Africa has been witnessing an influx of Chinese investors and labourers.
Beijing has even gone an extra mile by opting for the softer approach of “not interfering in the continent’s political affairs” to justify its economic pursuits in Africa.
But the Chinese stand accused of not being any better than Africa’s former colonial masters when it comes to their labour practices.
Late last week, Chinese mine managers shot and wounded 11 of their employees in southern Zambia over a pay dispute, sparking a countrywide outrage in the southern African nation.
And this is not just the first incident in the country. A few months ago, local workers at a Chinese-owned copper mine went on strike demanding better working conditions.
The strike turned into a riot with reports of a Chinese manager firing at the crowd and injuring people.
More episodes on the continent capture the increasingly icy Afro-Chinese labour relations.
A year ago in Mozambique, an argument broke out between a provincial governor, Mr Mauricio Vieira and the China Henan International Cooperation Group (CHICO).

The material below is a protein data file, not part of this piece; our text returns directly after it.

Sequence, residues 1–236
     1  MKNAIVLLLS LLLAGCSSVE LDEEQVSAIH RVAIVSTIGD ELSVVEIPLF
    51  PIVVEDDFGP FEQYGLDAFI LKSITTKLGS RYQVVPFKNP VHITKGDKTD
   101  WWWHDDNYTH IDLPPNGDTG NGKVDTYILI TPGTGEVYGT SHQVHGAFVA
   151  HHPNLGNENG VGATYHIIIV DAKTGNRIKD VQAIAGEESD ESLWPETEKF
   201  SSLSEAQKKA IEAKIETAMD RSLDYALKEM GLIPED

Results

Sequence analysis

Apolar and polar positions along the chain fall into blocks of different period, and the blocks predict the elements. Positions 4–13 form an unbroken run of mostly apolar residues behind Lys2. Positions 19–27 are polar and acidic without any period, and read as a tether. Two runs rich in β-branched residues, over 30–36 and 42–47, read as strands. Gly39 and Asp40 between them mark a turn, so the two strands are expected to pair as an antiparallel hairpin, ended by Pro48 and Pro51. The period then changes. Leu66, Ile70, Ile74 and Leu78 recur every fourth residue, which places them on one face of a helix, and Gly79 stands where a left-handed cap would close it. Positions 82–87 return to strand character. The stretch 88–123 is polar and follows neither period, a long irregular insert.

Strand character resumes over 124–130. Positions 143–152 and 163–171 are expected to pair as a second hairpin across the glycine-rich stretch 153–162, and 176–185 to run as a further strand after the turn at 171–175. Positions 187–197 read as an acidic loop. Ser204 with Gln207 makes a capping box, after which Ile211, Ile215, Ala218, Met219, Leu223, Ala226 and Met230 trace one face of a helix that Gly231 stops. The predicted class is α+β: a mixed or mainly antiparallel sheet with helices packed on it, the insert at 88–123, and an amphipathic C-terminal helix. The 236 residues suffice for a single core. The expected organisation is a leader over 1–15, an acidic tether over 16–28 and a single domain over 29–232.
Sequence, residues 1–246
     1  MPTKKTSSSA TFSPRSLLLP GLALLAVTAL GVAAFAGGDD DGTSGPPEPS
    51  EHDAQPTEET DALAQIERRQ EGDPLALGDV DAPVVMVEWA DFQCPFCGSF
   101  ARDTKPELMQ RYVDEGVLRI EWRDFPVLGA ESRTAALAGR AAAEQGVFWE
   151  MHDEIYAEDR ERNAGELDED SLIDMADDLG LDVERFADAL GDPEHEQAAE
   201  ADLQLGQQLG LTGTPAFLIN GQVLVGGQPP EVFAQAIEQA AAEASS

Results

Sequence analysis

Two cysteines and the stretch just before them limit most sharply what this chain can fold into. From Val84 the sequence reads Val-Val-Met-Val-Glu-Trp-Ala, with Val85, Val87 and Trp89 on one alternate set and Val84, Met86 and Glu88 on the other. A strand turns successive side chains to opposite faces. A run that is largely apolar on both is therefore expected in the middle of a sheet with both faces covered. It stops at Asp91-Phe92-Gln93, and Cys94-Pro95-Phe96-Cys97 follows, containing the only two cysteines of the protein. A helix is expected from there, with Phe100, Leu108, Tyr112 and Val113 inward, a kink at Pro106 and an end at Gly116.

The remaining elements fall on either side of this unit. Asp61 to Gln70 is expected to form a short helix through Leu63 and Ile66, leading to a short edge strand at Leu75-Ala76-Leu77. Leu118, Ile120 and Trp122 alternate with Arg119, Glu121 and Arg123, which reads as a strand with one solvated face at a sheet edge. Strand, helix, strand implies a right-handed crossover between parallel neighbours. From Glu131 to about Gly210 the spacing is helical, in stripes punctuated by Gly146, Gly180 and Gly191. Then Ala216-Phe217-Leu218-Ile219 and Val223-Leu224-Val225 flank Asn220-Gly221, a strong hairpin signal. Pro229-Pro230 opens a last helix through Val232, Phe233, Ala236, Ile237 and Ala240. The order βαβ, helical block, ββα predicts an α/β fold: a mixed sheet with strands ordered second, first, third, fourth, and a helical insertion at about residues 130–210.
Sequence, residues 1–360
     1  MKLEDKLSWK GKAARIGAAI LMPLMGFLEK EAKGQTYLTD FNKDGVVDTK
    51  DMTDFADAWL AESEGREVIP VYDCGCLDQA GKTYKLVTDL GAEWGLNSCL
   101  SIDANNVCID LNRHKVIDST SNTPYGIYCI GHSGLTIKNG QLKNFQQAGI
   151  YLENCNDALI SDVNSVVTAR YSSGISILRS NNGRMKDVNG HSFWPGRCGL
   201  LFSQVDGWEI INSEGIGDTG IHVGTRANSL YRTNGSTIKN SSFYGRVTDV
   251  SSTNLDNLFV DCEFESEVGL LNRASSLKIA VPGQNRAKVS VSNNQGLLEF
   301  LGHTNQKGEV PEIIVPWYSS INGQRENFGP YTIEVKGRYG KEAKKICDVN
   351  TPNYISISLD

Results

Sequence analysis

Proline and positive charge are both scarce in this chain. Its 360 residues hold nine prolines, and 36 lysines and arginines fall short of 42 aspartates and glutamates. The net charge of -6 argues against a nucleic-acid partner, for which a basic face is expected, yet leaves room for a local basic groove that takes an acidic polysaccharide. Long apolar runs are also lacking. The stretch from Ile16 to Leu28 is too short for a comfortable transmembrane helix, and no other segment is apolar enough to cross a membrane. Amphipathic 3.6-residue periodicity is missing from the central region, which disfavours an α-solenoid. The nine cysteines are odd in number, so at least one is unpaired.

After winning a contract to build a new water supply system to service the capital Maputo and other surrounding towns, the firm had barely began work than complaints from local workers about poor treatment at the hands of the Chinese bosses surfaced.
The complaints raised — lack of overtime payments, unwritten employment contracts, arbitrary pay cuts -— have become commonplace amongst Africans working at Chinese-owned companies.
The worst reported indignity, of workers wearing badges bearing the word escravo (slave), turned out to be a case, apparently, of mistranslation.
However, unwittingly, those badges have turned prophetic of the nature of labour relations between Chinese enterprises in Africa and their employees.
From Mali to Madagascar, Kenya to Zambia, workers’ restiveness abounds.
In Niger, the local Tuareg community dubbed the SOMINA mining operation Guantanamo, whereas in Namibia, on taking issue with their ill treatment, workers were told to “suffer now so that future generations can enjoy”.
In 2008, a Kenyan community blocked road construction works demanding that they be provided with water for domestic use and for their livestock.